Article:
For Pete’s Sake, Save the Peat
by Bill Chameides | December 8th, 2009
posted by Erica Rowell (Editor)
Peatland fires — which have produced massive plumes of haze and air pollution that can spread over thousands of miles — have become a significant source of global warming pollution. (Indonesia/Sumatra, 2006, NASA)
If it isn’t already, someone needs to put peat on the agenda at Copenhagen. There’s a whole lotta carbon at stake.
Peatlands are the stuff that coal eventually is formed from. You know the argument that some make about leaving all that coal just where we’ve found it — in the ground? It should probably be applied to peat as well. Here’s why.
Peatlands Store Huge Amounts of Carbon
Peat is an agglomeration of dead vegetation, typically found in marshes and bogs and such. The unique thing about peat is that it just kind of sits there. Most of the Earth’s dead vegetation does not stay around very long. Because of the presence of oxygen, it gets oxidized pretty quickly, often as a result of being eaten by one bug or critter or another.
But bogs and marshes are often depleted in oxygen and so the peat in these systems can stay intact for a very long time. Some of the world’s peatlands formed some 20,000 years ago and have been accumulating carbon in the form of dead plant material ever since.
Peatlands comprise a tiny fraction of the Earth’s surface — perhaps three percent of the land area — but they are reservoirs of huge amounts of carbon. By some estimates it’s as much as 550 billion tons of carbon — or roughly an amount of carbon equivalent to all the carbon dioxide (CO2) that has been emitted by burning fossil fuels since the Industrial Revolution. Clearly we don’t want even a small part of that carbon to be converted to CO2 and let into the atmosphere.
Peatlands at Risk
But if peatlands have been around accumulating dead stuff for tens of thousands of years, what’s to worry? A lot, because we have begun draining peatlands at ever increasing rates. And once a peatland is drained, the carbon that has been stored for millennia begins to seep out.
Even more worrisome is the fact that once drained, peatlands are essentially tinder waiting to be ignited and burned, and the carbon from burning peatlands doesn’t enter the atmosphere slowly — it is emitted as one giant slug of carbon dioxide.
A couple of weeks ago I wrote about a commentary in Nature Geosciences written by G.R. van der Werf of the University of Amsterdam (and two of my Duke colleagues) that estimated that burning tropical peatlands was responsible for the emissions of about 0.3 billion tons of carbon per year. That’s nothing to sneeze at:
- it’s only about four times smaller than the carbon emitted from burning tropical rain forests that cover a much larger land area (estimated to be about 1.2 billion tons of carbon per year); and
- it’s not all that much smaller than emissions from burning fossil fuel — about eight billion tons of carbon per year.
In other words, draining and burning peatlands has become a significant source of global warming pollution to the atmosphere.
Indonesia – Peatland Burning Hotspot
Indonesia is a case in point where peatlands are increasingly being converted to make way for palm-oil and pulp-wood plantations. The palm-oil plantations produce biofuels of course — not a great way to lower greenhouse emissions, you think?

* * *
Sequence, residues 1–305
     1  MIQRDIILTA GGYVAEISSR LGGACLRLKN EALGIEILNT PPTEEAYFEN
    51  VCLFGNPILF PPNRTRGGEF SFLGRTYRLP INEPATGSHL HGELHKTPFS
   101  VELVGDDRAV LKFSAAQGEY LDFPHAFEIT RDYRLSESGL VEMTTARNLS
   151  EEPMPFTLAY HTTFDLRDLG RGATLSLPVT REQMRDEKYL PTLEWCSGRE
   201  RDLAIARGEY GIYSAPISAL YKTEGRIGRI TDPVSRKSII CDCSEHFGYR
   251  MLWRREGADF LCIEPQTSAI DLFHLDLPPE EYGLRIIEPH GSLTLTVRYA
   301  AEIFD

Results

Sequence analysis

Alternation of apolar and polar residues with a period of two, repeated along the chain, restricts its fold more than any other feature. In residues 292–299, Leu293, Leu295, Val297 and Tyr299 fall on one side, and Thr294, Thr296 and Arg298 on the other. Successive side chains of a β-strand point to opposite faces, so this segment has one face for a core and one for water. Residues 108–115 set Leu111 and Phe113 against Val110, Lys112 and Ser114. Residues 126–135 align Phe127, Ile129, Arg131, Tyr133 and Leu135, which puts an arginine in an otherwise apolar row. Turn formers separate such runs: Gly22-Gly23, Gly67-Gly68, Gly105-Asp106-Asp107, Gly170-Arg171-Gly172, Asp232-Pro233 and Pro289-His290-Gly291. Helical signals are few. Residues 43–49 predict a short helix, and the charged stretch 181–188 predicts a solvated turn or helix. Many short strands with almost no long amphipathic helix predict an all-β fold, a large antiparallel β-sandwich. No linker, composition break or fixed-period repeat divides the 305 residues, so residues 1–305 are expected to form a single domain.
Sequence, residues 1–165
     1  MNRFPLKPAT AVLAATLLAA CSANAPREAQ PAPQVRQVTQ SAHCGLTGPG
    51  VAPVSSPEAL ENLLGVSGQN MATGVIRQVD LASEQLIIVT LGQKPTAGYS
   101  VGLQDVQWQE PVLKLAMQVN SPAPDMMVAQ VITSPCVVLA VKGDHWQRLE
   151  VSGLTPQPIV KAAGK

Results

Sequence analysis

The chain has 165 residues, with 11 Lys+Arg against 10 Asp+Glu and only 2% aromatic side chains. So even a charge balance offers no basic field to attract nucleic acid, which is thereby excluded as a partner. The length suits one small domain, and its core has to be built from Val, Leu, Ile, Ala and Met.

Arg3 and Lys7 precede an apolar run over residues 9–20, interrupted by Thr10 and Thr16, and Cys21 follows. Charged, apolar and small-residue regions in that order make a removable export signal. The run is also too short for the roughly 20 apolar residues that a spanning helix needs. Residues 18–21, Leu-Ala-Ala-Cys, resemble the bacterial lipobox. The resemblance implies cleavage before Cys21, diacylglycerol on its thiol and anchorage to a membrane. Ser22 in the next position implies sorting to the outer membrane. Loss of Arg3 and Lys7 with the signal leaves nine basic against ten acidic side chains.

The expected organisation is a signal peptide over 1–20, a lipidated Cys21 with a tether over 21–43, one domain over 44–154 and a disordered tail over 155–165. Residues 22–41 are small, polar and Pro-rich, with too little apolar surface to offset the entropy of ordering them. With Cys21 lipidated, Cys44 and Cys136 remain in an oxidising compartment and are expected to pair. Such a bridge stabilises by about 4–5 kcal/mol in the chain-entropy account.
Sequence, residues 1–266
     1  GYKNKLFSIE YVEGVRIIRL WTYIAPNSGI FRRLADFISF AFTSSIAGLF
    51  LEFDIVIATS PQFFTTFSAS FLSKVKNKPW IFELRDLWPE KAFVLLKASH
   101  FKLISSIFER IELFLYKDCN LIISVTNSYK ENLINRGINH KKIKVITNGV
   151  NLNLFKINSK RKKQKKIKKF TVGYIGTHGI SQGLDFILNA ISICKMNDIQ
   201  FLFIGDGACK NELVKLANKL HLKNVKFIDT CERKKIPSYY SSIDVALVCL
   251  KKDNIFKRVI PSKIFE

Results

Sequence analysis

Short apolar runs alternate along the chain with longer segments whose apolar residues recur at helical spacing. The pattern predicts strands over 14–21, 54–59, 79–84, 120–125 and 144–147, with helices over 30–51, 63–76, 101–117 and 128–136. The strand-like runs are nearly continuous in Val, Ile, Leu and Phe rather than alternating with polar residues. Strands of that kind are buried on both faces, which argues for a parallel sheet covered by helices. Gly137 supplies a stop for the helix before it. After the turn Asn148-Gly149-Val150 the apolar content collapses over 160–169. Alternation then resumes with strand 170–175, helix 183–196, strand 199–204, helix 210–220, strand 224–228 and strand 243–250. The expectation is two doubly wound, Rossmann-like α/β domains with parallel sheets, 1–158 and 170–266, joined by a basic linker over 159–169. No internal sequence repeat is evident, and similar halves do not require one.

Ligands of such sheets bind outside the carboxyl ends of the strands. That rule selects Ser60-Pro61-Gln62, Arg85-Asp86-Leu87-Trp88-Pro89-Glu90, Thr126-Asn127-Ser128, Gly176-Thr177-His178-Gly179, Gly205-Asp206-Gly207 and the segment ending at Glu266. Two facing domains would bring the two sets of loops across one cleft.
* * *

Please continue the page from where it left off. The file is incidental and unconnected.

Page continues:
The clearing and draining of pleatlands have set off huge peatland fires — fires so huge, that in some cases they have produced plumes of haze and noxious air pollution covering thousands of miles.
The fires are most intense during periods of El Nino-induced droughts. And the CO2 emitted from these fires can be staggering. During the 1997-98 El Nino episode, peatland fires in Indonesia caused an estimated release of CO2 equal to about 10-40 percent of the mean annual global fossil fuel emissions.
One Fire Can a Lot of Carbon Make
The scope and impact of even a single peatland fire event can be huge. Consider a recent paper by scientist Uwe Ballhorn of Ludwig-Maximilians-University and colleagues published in the Proceedings of the National Academy of Sciences.
Using a variety of remote-sensing techniques, they took a detailed look at peatlands in Central Kalimantan, Borneo, which had experienced an extensive burning in 2006. The emissions from that one single event were estimated at ~50 (+/- 25) million tons of carbon: about the same as the CO2 emissions coming from the state of New York for an entire year.
Think of all the activities carried out by some 19 million people living in the Empire State that lead to CO2 emissions — all the cars and houses and factories. And those emissions over an entire year were roughly equaled by a single peatland wildfire event in Borneo.
Much has been made in recent years of the need to slow the burning of the tropical rain forests in countries like Indonesia and Brazil. A proposed program [pdf] aimed at reducing emissions from deforestation and degradation — commonly referred to as REDD — would allow countries like the United States to offset its emissions by paying tropical rain forest countries to preserve their forests.
The program is high on the must-include list in any new global climate agreement. Might not be a bad idea for the negotiators to morph REDD into REDD&PD to include reducing emissions from peatland destruction.
- Peatland photos from the New York Times
and: biofuels, Copenhagen, El Nino, peatlands, REDD